Rhubarb has finally made its way back into my kitchen, and I am super pumped to share with you how I use rhubarb. Yes, it's often used in sweet preparations, but I'm here to share other fun ways to enjoy it in savory dishes.
Before I delve into the recipes, let's begin with rhubarb basics: Rhubarb is a member of the knotweed family, which includes sorrel and buckwheat. Years before you or I were on this planet, rhubarb was found in China, Russia, Mongolia, and other parts of Central Asia. Traded originally as a luxury good, many sought out for its use as a detoxifying agent and curative herb.
Choose firm, red stalks over green ones. The green lends itself to sour notes.
When preparing rhubarb, first remove the large green leaves. They are extremely high in oxalic acid, which is poisonous and toxic to humans and some bugs when eaten in large amounts. The leaves can be used in insecticides, so if you have critters to fend off in the garden, explore its use as a DIY insecticide.
Store in a bag wrapped in a towel inside the refrigerator for up to 1 week to prevent them drying out. Not going to use them within the week? Freeze it! Instead of storing in the refrigerator, simply cut the cleaned rhubarb into small, even pieces. Put in a freezer bag and close. Make sure all air is emptied and freeze for up to one year.
In the kitchen, rhubarb requires balance dues its strong tartness, which is typically with sugar. Apart from the obvious uses like pie, bars, jams, and other desserts, try them pickled, in a porridge or stir-fry, as a compote, braised, or as a savory sauce over meat or fish!
Tartness can vary from stalk to stalk. If possible, start with less sugar and gradually add more along the way.
According to the USDA National Data Base, 1 cup roughly provides:
25 kcal, 1g protein, 5.5 g CHO (2 g fiber), and is high in (5%) calcium, (5%) potassium, (8%) vit C, magnesium, and phosphorous, (22%) vitamin K.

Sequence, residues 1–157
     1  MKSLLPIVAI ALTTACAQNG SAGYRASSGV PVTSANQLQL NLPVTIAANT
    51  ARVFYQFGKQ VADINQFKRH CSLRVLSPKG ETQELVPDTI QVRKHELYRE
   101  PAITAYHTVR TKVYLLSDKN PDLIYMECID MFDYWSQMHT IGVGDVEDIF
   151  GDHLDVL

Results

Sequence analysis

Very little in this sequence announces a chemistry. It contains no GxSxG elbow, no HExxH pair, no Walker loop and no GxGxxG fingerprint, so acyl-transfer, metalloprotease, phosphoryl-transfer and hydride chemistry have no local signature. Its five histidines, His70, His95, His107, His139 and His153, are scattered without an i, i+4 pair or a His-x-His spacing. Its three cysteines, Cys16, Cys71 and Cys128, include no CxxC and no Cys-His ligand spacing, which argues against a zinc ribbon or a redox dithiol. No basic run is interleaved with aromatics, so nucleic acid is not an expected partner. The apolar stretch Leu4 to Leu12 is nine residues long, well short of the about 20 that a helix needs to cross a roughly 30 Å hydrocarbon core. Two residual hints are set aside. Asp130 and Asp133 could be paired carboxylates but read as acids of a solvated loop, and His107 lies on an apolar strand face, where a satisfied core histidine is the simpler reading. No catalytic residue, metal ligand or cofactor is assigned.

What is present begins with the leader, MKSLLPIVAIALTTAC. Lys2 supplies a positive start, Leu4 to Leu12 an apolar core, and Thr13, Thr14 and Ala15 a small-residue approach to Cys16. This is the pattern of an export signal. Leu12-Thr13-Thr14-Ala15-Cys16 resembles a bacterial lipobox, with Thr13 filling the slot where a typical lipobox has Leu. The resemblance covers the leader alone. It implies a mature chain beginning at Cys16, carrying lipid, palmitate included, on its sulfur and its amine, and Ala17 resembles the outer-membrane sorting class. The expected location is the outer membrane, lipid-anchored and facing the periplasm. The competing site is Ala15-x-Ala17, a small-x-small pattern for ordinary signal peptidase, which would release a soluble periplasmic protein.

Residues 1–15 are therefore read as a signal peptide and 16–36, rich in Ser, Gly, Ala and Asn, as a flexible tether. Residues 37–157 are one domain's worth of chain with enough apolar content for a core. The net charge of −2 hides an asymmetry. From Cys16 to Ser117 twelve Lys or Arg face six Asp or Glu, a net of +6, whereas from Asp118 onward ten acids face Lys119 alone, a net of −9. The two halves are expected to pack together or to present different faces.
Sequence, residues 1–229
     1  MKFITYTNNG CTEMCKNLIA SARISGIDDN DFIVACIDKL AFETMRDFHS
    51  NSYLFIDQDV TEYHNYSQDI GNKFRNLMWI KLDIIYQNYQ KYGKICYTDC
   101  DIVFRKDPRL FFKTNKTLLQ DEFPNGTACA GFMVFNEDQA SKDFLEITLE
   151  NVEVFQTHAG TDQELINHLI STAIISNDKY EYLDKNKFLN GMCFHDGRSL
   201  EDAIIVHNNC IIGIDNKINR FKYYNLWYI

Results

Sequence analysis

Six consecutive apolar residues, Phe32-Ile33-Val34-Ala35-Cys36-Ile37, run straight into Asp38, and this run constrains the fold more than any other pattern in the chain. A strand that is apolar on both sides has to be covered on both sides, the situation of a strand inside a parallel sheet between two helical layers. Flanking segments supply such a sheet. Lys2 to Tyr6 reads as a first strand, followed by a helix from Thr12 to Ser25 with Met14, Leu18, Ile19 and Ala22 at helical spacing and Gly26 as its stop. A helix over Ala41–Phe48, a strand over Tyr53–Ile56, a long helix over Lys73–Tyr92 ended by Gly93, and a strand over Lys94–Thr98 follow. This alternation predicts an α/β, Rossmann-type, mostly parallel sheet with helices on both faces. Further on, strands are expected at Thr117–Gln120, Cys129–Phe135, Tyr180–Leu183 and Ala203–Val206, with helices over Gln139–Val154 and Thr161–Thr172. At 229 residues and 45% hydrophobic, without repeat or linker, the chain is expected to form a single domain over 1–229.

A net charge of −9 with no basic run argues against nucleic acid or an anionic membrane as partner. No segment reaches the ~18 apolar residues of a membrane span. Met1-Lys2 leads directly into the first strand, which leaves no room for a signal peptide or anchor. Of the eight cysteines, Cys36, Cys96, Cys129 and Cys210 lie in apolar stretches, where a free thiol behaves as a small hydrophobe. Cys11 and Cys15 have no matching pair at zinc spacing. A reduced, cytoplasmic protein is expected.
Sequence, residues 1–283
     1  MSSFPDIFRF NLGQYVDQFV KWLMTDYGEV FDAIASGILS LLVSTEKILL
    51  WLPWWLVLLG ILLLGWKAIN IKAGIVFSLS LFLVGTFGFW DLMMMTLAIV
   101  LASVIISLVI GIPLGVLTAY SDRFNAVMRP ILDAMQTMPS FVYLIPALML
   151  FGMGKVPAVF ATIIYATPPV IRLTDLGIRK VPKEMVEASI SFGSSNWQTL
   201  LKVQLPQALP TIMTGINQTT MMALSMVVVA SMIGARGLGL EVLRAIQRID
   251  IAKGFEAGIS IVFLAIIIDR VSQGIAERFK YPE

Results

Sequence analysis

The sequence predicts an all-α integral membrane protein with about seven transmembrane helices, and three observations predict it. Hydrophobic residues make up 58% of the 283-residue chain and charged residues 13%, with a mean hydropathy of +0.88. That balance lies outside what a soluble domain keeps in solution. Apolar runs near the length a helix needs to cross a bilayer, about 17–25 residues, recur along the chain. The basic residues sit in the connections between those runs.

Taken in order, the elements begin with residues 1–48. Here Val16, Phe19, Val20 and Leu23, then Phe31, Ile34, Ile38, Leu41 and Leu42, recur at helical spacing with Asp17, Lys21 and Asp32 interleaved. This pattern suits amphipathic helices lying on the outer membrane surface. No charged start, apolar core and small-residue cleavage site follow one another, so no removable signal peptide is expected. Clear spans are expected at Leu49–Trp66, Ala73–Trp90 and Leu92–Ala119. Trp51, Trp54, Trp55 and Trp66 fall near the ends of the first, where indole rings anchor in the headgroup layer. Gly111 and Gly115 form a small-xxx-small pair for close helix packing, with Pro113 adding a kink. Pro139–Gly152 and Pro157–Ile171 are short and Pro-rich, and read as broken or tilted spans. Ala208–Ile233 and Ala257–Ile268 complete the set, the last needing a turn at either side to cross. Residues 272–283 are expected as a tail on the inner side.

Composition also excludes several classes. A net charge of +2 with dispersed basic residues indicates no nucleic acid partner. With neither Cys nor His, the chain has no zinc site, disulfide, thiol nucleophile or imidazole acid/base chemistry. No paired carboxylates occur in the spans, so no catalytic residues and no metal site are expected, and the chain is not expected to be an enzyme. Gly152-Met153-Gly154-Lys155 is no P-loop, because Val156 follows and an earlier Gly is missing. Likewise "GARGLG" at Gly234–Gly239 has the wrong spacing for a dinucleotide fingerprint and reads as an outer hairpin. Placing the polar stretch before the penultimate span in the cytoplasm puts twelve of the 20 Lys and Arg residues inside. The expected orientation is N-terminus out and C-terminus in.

Ramp & Rhubarb Chutney
Makes roughly 1 ½ cups: serve with grilled cheese, use as a side on a cheese plate, or serve along spicy Indian food with naan.
1 Stalk of rhubarb, chopped
6 to 7 stalks of ramps, chopped
3 tablespoons brown sugar
3 to 4 tablespoons granulated sugar
1 teaspoon coriander
1 teaspoon cumin powder
¼ teaspoon salt
1 teaspoon Fresh Black Pepper
⅓ cup White Wine
1 teaspoon White Distilled Vinegar
Serve alongside split pea croquettes (or any vegetable croquette for that matter) or grilled meat/fish.
Prep time: 20 minutes
Cook time: 1 ½ hours (includes chilling time)
Yield: approximately 8 cups
8 cups chopped rhubarb
8 cups onions, thinly sliced
7 cups granulated sugar
3 cups cider vinegar
2 tsp salt
2 tsp ground cloves
2 tsp ground cinnamon
1. Chop rhubarb into rough dice; set aside.
2. Add onions to separate bowl. Cover with boiling water; let sit for 5 minutes. Drain and discard water.
3. In heavy-bottomed pot, dissolve sugar in cider vinegar on medium heat. Add onions, rhubarb, salt, cloves and cinnamon. Stir well. Cook, stirring often, until it reaches a thick jam-like consistency, 40 minutes to 1 hour.
4. Remove from heat; let cool. Place in jar and refrigerate.
Makes about 1 cup. This goes great in a simple shaved asparagus salad, in a taco, or on a pickle plate with other accoutrements.
2 rhubarb stalks, sliced on a diagonal
1 cup red wine vinegar
1/2 cup sugar
1 1/2 teaspoons kosher salt, plus more
2 teaspoons pink peppercorns
1 teaspoon fennel seeds
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